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Krycek

Krycek

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Phoenix (The Complete Action Series)
David Alexander
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Mercenary Justice

Mercenary Justice - Chuck Bainbridge Mercenary Justice by Chuck Bainbridge is another of the '80s action novels I pulled out of my old stash. Recently I've had an interest in reading more of these. It seems a natural transition from being interested in B-movies, grindhouse trash and forgotten action movies on VHS to these kind of books. I regret now that I got rid of a bunch of them because most of them I had never even read.

Anyway, here is Mercenary Justice, the fifth in Chuck Bainbridge's Hard Corps series about a group of Vietnam vets who can't adjust to a peacetime army and decide to put themselves up for hire. Sound familiar? That's probably because this was the basis for half the action movies in the 1980s. But I don't fault it at all for that. In fact, that predictability is part of the the appeal. I fault it for other reasons. Namely, because it was just so dull.

The story starts out in New York, where Captain O'Neal, the leader of the Hard Corps, Lieutenant Wentworth, his second in command, and Fanelli, the smart-ass sergeant from New Jersey, meet with General Zabibu, leader of a fledgling African nation called Kilembe and personal friend of Wentworth. Zabibu is having problems with getting his nation established since Zaire and Angola, neighbors to Kilembe, are no friends of democracy and are eager to see this new nation fail. Zabibu appeals to his friendship with Wentworth to convince the boss to help. He hires the Hard Corps to fly on over and train up the Kilemban military. O'Neal, Wentworth and Fanelli fly on over to Africa, along with another Hard Corps member, Sergeant Steve Caine, a dude who went native during the 'Nam, to help out Zabibu.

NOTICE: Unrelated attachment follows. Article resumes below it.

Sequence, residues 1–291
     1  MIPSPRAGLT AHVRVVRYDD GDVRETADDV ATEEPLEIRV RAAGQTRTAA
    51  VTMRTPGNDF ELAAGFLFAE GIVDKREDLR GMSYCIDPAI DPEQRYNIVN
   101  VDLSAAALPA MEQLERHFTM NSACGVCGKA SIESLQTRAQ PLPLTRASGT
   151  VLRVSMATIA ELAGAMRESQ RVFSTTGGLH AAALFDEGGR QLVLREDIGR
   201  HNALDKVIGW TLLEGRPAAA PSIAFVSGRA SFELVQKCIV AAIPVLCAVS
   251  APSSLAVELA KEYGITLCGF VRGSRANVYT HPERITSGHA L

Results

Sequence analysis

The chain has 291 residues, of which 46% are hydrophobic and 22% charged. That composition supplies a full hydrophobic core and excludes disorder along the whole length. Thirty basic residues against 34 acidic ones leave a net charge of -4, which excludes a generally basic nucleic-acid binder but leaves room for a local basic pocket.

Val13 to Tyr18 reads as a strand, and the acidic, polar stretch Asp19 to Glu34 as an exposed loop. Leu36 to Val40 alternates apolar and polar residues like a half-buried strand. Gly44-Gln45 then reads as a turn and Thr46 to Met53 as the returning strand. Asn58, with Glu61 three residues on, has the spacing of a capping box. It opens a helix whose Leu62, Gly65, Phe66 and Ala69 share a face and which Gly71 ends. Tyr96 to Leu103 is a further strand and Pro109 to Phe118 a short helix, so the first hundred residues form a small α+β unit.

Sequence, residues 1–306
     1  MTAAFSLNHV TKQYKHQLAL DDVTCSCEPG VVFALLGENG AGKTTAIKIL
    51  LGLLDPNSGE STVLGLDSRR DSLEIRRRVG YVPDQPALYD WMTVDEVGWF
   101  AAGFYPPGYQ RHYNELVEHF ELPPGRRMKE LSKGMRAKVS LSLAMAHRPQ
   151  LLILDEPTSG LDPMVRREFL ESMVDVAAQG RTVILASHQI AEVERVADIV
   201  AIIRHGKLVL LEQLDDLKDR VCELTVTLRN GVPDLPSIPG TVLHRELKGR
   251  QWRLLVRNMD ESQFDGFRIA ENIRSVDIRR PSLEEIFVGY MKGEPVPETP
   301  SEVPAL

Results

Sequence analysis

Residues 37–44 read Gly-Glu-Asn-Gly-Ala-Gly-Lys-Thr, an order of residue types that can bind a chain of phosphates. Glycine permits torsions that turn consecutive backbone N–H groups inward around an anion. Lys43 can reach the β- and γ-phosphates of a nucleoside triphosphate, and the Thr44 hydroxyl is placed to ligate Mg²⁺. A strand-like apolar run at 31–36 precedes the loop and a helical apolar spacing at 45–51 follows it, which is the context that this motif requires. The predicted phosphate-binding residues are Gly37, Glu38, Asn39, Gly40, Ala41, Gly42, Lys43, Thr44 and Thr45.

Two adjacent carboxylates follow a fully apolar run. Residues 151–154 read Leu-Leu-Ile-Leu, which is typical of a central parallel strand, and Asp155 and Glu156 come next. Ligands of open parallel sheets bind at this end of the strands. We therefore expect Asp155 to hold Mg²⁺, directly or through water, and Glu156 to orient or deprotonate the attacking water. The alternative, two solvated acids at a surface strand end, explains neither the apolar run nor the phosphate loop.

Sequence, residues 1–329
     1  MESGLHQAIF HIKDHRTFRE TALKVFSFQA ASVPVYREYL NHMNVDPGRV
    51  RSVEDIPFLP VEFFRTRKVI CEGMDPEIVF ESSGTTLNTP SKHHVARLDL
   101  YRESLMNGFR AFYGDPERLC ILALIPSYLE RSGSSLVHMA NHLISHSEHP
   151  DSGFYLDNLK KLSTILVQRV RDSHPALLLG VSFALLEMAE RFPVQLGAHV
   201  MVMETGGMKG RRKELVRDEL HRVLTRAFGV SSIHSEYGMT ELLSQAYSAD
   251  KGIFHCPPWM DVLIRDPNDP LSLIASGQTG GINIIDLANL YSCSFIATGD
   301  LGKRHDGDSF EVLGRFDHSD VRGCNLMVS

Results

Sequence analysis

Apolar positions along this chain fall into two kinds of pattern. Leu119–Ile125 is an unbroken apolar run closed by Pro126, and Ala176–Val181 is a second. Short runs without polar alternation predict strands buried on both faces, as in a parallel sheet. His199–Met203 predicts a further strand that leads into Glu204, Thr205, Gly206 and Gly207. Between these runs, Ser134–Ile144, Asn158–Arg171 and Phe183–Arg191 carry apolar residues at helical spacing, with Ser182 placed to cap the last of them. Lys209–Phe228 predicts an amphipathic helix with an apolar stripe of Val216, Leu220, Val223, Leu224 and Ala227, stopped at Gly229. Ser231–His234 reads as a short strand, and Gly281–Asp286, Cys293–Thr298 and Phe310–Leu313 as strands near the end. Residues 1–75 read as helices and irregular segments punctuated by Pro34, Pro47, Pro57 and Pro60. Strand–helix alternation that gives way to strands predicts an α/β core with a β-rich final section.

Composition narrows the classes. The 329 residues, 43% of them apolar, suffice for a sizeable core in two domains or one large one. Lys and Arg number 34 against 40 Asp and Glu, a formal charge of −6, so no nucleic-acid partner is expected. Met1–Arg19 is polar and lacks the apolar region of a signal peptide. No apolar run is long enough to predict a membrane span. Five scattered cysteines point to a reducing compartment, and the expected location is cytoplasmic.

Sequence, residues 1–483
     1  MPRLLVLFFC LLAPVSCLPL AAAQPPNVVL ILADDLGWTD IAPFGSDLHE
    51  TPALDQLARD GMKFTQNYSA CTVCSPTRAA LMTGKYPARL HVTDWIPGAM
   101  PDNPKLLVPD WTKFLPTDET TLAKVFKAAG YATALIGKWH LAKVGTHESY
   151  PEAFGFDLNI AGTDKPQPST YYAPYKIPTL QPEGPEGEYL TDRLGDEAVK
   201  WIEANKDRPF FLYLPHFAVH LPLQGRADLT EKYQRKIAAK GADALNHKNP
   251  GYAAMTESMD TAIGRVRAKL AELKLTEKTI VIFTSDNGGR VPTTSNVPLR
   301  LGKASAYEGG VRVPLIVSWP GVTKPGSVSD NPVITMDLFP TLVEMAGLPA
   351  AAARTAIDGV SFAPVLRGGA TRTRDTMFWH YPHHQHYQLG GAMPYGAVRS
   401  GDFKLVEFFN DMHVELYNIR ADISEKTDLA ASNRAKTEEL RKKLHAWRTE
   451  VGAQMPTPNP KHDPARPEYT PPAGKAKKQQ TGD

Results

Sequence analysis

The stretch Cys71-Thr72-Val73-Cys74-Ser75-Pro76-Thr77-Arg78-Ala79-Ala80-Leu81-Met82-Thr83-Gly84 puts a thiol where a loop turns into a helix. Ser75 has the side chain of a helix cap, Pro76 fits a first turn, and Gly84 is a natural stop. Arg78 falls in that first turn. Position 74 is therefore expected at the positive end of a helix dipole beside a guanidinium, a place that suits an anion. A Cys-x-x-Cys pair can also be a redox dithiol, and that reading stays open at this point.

Unbeknownst to the Hard Corps, however, is that the Cubans have an interest in Kilembe also. Something about spreading communism and all that. They send a military advisor named Perez over to Africa to organize terrorist operations in Kilembe. Soon enough, though, Perez's job becomes a whole lot more difficult when the Hard Corps discovers Cuba's involvement. As the back-cover copy says: "It's time to keep it on full-auto and forget the body count!"

Unfortunately, it ain't all that hot. With these "men's adventure" books, the armchair commando version of Harlequin romances, there are certain things you come to expect. So I knew what I was getting into when I cracked open Mercenary Justice. But it failed to deliver on the promises it gave in the back-cover copy.

It started off promisingly, with a firefight in New York City as thugs hired by the Cubans open up on the Hard Corps and General Zabibu in an assassination attempt. There was even the gratuitous mention of a police woman whose "breasts practically spilled out of her uniform shirt." The violence was appropriately graphic and cheesy and remained that way for the rest of the story. Wentworth even carried around a frickin' samurai sword (he was raised in Japan, so he's a kenjustsu master, naturally)! But besides that, the whole affair was a bit of a bore (and the out-of-uniform police woman never made a reappearance).